Mayoral candidate Robert Mustow made sure he didn't do 'anything out of the ordinary' during his campaign.
“I talked to people in the streets like I always do, but I didn't turn up to meetings I normally wouldn't go to,” he said.
Mr Mustow commended the clean campaigns the Richmond Valley candidates had run.
“I've been pleased with how civilised all mayoral candidates have been,” he said.
THERE are nine contenders for the position of mayor in Lismore, making it one of the most hotly contested council elections in years.
And while headlines have focused on candidates' comments, it is the physical effort involved that makes standing for mayor so daunting.
Jenny Dowell said she had knocked on more than 4000 doors across Lismore and Goonellabah, as well as the villages of Nimbin and Dunoon, during her campaign.
“From all the door-knocking I've done, I've only had one rude response. I thought that man was going to turn the hose on me,” she said.
Ms Dowell said most people had been 'warm, polite and positive'.
“It's very encouraging, but I wouldn't take it as an indication of what the result will be.”
She said getting out and meeting people face-to-face in their homes had been a good way to get people interested in their local council.
John Chant, on the other hand, has had eight stitches in his leg after a recent operation, so his campaign has been centred on newspaper and television advertising.
“I've been getting down to the pre-polling booths a little bit, not as much as I'd like,” he conceded.
Mr Chant hoped with his long and high-profile presence in Lismore, including 37 years in business and nine years on the council, most recently as deputy mayor, most people already knew who he was and what he was about.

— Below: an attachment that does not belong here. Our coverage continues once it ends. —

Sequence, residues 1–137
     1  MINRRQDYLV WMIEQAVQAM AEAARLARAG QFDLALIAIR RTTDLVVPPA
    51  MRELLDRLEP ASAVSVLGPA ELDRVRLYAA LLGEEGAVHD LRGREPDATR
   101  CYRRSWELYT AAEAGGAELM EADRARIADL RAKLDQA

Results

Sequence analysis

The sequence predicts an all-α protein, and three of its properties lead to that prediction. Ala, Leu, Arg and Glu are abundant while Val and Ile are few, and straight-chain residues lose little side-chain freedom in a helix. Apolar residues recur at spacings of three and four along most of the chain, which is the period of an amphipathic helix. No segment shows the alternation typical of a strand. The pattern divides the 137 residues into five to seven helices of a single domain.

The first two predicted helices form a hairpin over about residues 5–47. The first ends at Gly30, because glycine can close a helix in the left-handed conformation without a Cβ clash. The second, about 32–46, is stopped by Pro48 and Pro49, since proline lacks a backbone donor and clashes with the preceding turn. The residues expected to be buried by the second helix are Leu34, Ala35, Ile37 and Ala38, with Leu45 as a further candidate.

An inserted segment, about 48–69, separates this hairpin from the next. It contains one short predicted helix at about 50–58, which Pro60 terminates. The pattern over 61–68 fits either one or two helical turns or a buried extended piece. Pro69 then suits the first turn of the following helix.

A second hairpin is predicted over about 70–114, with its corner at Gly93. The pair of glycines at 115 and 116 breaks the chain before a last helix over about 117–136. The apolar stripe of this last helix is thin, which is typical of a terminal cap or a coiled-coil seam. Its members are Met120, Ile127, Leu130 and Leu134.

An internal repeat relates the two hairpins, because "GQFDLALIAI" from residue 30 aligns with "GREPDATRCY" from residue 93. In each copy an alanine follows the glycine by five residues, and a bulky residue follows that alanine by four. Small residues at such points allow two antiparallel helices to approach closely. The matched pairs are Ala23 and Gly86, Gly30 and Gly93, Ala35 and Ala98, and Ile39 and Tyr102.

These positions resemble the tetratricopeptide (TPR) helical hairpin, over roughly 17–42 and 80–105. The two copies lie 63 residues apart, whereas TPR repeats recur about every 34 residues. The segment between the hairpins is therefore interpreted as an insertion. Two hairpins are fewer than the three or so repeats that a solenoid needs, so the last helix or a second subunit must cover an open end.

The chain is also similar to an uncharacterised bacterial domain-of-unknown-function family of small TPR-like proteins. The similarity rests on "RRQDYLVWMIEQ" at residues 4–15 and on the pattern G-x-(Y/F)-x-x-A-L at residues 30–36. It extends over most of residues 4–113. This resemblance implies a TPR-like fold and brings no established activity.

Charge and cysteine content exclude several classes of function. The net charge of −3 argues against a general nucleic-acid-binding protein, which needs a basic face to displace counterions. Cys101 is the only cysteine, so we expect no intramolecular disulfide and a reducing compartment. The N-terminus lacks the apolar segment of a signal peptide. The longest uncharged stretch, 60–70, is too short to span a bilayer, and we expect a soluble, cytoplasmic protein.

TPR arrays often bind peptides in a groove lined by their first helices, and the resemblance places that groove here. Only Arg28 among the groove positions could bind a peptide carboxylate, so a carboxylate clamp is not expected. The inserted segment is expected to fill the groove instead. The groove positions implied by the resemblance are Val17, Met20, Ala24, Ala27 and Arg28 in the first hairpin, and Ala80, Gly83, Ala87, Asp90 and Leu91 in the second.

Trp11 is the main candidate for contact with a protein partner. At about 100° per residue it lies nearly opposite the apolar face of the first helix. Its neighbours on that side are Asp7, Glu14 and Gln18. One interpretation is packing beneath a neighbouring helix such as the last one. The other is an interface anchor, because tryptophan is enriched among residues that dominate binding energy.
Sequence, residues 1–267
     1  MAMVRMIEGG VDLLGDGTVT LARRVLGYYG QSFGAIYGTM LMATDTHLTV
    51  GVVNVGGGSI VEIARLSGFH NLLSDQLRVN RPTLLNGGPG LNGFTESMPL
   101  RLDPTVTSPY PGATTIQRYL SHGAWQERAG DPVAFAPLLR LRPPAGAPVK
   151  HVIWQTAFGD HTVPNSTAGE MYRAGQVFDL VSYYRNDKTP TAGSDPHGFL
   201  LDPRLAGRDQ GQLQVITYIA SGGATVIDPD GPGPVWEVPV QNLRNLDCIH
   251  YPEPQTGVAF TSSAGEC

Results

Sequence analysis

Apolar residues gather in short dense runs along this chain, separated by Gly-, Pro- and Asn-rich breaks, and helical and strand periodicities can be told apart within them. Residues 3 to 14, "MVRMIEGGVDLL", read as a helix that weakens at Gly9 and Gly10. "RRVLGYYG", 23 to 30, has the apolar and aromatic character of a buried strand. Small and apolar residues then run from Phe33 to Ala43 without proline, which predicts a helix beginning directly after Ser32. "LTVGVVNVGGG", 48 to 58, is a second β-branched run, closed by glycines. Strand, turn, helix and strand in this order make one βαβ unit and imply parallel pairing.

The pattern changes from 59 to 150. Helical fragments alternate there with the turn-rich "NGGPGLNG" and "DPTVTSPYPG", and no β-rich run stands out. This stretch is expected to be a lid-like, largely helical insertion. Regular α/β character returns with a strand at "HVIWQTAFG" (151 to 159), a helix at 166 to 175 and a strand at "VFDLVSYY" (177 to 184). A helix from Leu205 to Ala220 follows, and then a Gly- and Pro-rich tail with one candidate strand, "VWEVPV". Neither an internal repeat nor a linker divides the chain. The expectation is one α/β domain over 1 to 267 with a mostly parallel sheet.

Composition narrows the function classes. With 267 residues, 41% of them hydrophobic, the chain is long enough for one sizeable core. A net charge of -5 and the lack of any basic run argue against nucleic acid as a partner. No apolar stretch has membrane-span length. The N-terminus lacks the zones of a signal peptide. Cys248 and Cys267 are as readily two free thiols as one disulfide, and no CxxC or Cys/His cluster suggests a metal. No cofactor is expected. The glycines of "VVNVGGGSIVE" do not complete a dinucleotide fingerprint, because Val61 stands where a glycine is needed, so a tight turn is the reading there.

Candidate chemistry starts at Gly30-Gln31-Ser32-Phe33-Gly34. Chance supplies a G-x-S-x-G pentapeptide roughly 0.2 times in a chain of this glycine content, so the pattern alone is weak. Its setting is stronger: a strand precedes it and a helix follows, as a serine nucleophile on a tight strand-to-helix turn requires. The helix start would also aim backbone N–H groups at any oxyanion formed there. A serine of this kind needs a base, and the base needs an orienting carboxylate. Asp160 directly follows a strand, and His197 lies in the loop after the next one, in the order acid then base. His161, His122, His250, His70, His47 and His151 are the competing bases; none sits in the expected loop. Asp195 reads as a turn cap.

“I've tried to put together a team with expertise in business and finance who would be responsible with a budget of $70-80 million,” he said.
Both Mr Chant and Ms Dowell said they expected a close result and a nervous night as votes were counted tonight.
JAN BARHAM was calm the day before the big day.
The current mayor of Byron Shire is running again for the top job, along with six other candidates, and feels good about the way the campaign has gone.
“For four-and-a-half years I have been working hard. I always believe that with local government it is not a campaign that makes a difference, it's an ongoing assessment,” she said.
“I'm pleased with the information we have been able to get out to people about the achievements of this term of council, the work in progress and what the future holds in terms of a vision.
“Today I feel quite calm at the end of four-and-a-half years. I feel really proud of what we've done.”
Ms Barham, who heads The Greens ticket at the election, said the support of The Greens had been very important during the campaign, along with a core group of about 20 people.
Ross Tucker, who at the 2004 election came close to taking the top job, is also running for mayor, but as an independent in a group with others sharing similar philosophies.
Mr Tucker said his campaign had been a steady process with a focus on having a strong presence at the pre-polling booths at Mullumbimby and Byron Bay.
“We've been walking around the town and putting our faces out there and introducing ourselves to people,” he said.
And Mr Tucker said he expected the vote to again go down to the wire. “I think it's going to be a very, very, very tight competition.”